A great deal of the scouting industry was in North Carolina last week checking out the action at the second annual National High School Invitational, held at the USA Baseball National Training Complex. MLB.com was there, too, seeing all of the top performers at the event.
Obviously, that wasn't the only amateur baseball to be seen over the past week. Many scouts -- and there were upwards of 100 scouts at the NHSI -- still had Carolina on their minds and checked out other high school and college talent. But this week's Draft Watch will start outside of the Tar Heel State.
Top matchup: Manaea vs. Petree
From this point until the Draft, scouts will undoubtedly be watching each of Indiana State lefty Sean Manaea's starts. The top southpaw in the class, Manaea's plus stuff from the left side will undoubtedly have him coming off the board in the early stages.
The added attention is something Manaea's opponents can also take advantage of. Missouri State's Nick Petree isn't at the same level as Manaea and the other top college arms in the class, but he showed on Friday that he likes to compete when the lights are on. Pitching against Manaea on Friday, the redshirt junior (he had Tommy John surgery in what would've been his freshman year in 2010) tossed a two-hit shutout, walking two and striking out 10.
There's no question Manaea has the better pure stuff, but he was saddled with the loss after allowing three runs (two earned) on six hits and three walks while striking out five over 7 1/3 innings. Petree's stuff -- fastball, curve, change -- is just fringy, but he really knows how to pitch with good command, and as he showed over the weekend, he loves to compete.
Other college arms
There will be plenty of other college arms taken up and down the Draft, not just in Manaea's territory. Case in point: Alex Gonzalez, the ace for Oral Roberts University. He certainly didn't hurt himself with his outing on Thursday against Texas A&M-Corpus Christi. The 6-foot-3 right-hander had a six-hit complete game, allowing just one run while walking one and striking out eight. Gonzalez was successful using his cutter, thrown 90-94 mph, and his 85-87 mph slider, which he consistently threw with a tight break. Gonzalez had good command and kept both pitches down in the zone. He showed a changeup in the bullpen, but didn't use it in the game. Projected perhaps as a second-round type, Gonzalez might end up in the bullpen, where as a setup man or closer, he could move quickly to the big leagues.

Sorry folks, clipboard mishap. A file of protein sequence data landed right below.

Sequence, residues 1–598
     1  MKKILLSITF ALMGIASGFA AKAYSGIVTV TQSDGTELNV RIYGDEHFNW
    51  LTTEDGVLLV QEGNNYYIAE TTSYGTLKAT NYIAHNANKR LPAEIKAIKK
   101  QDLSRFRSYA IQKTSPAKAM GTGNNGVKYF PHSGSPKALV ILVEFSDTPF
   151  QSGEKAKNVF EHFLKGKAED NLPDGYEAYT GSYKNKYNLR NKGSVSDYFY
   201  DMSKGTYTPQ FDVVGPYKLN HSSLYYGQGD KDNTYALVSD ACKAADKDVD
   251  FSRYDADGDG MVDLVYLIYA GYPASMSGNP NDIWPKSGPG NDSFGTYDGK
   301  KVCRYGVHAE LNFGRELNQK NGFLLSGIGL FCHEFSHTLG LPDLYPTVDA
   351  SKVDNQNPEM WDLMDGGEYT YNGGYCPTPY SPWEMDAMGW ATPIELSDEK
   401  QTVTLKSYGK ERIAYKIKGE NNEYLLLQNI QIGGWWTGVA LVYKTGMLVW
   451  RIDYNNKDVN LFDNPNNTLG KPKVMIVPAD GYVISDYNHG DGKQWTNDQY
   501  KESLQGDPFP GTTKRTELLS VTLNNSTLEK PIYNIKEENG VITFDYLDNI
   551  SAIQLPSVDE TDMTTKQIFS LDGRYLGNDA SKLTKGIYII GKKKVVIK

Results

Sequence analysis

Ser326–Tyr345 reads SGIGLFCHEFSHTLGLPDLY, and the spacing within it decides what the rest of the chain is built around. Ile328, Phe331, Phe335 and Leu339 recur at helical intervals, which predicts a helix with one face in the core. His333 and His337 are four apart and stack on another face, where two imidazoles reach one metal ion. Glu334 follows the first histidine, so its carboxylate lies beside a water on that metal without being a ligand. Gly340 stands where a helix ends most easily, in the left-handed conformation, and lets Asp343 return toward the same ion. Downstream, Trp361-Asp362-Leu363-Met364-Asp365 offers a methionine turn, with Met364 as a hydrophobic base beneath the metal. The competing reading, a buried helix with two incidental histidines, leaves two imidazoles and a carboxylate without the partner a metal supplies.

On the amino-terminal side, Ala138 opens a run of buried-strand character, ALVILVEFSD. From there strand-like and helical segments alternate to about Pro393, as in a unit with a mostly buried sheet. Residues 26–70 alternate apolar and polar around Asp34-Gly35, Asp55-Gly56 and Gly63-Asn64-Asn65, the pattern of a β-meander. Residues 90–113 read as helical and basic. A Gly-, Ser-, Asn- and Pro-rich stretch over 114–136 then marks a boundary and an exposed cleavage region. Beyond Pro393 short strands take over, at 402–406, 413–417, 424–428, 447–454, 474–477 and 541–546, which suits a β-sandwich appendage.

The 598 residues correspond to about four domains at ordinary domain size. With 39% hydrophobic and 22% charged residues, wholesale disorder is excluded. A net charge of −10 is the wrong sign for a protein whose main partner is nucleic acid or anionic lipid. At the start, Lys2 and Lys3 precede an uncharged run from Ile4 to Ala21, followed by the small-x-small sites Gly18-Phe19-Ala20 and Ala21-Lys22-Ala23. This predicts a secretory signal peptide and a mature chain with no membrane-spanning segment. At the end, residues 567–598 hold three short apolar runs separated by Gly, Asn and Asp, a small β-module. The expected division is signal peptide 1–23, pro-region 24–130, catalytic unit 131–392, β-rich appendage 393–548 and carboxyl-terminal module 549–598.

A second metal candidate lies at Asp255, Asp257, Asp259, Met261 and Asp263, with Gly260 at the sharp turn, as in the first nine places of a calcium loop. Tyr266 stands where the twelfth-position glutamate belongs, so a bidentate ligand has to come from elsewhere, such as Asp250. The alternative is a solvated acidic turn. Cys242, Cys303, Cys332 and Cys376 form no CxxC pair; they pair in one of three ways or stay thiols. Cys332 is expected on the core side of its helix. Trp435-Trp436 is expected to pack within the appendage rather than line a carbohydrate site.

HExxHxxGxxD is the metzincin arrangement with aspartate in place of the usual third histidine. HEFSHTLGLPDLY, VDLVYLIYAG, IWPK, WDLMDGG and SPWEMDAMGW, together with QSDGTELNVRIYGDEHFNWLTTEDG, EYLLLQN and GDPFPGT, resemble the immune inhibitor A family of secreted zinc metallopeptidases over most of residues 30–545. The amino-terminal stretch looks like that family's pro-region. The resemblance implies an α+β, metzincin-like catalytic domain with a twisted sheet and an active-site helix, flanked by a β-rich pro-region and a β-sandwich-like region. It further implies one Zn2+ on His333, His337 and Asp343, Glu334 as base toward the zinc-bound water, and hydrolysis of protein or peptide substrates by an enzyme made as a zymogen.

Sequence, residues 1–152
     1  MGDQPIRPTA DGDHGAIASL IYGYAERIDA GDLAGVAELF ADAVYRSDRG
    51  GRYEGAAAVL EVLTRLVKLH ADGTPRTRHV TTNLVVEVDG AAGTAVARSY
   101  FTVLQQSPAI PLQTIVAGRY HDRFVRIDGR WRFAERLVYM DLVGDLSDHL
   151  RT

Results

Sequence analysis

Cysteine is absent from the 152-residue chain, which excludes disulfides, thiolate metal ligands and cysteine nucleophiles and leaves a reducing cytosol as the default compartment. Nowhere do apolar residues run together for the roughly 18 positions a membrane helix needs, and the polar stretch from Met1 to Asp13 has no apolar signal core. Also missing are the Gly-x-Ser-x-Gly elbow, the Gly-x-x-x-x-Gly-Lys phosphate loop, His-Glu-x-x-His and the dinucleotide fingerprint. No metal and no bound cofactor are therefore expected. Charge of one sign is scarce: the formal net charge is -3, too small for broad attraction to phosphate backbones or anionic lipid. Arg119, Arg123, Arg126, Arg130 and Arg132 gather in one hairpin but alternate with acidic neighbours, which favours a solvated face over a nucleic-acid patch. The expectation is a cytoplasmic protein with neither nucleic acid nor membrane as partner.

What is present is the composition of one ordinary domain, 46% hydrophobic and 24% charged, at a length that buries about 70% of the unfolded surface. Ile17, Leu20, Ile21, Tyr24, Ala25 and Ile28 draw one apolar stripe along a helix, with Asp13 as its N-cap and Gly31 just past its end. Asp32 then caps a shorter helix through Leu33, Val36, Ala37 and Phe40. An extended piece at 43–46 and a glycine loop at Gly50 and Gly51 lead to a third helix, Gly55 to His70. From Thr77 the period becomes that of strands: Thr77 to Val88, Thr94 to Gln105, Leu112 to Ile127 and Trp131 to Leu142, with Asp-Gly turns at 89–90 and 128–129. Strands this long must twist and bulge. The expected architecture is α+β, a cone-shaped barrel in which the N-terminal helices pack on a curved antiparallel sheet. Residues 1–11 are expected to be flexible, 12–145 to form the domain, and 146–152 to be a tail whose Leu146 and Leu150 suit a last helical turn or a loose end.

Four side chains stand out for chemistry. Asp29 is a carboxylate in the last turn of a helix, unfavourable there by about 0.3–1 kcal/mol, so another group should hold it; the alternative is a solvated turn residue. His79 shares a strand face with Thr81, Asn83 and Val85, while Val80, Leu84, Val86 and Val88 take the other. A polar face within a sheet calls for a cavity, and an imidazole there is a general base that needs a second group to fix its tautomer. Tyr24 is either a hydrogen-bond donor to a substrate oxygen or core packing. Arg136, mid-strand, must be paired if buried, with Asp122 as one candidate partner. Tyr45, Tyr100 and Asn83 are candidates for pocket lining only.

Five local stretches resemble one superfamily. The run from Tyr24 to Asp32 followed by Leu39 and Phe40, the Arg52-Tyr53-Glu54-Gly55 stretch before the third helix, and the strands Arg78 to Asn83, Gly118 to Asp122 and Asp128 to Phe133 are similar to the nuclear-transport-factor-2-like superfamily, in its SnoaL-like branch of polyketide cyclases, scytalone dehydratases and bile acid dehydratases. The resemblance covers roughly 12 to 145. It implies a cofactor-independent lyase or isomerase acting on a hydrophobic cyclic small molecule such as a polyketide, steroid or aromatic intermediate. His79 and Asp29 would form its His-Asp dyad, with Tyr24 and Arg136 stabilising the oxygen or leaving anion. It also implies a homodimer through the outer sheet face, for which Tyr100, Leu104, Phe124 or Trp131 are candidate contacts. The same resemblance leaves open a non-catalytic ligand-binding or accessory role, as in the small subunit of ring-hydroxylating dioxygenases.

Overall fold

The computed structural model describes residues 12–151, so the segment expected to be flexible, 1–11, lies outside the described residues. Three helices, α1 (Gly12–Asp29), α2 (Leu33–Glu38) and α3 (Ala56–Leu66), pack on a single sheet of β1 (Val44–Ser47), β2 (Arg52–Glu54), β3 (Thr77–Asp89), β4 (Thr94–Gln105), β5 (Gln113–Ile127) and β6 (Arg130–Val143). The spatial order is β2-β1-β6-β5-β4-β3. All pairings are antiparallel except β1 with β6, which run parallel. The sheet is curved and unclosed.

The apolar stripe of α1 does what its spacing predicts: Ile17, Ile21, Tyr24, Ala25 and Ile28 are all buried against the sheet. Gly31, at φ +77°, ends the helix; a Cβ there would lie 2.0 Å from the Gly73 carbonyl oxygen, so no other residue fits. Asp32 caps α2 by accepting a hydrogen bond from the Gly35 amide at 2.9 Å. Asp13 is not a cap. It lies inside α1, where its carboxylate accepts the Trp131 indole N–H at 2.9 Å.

Lefty Kent Emanuel is another college arm who might go in that neck of the woods. The University of North Carolina (told you we'd get back to Carolina) ace has been a tremendous performer all season. Several scouts went from the final day of the NHSI over to Chapel Hill to watch him pitch against Clemson on Saturday. The southpaw went eight innings, scattering nine hits and allowing just one run while walking one and striking out five. Emanuel throws his fastball in the 87-91 mph range, and while he mixes pitches well, his changeup grades out as average and his curveball is fringy, limiting his ceiling a bit. Emanuel's success in one of the better conferences in the country will certainly help his cause.
High school arms
At a certain point on Thursday afternoon at the NHSI, there was a bit of a mass exodus from the complex, with a scouting caravan of sorts forming to Bandys High School, about two hours away. The subject of such interest was right-hander Hunter Harvey, son of former big league closer Bryan Harvey.
Harvey has been flying up Draft boards as the spring season has gotten under way. Scouts had limited looks at him over the summer as he, at his father's direction, did not play summer ball. What scouts have seen, often against lesser competition and in far from ideal weather, has been impressive. Thursday's outing was no different. Despite cold temperatures and long waits between innings, Harvey generally threw strikes with his fastball and curve. His heater was in the 91-94 mph range and he threw his breaking ball 73-76 mph.
And finally, back out of state and across the country, Oaks Christian right-hander Phil Bickford is turning heads with his size and stuff. The 6-foot-6, 200-pounder has the ideal pitching frame and great arm action. In his last outing, Bickford was up to 96 mph with his fastball. His secondary stuff still needs work, but he has a decent slider. Bickford's dominance in his league is starting to get more attention.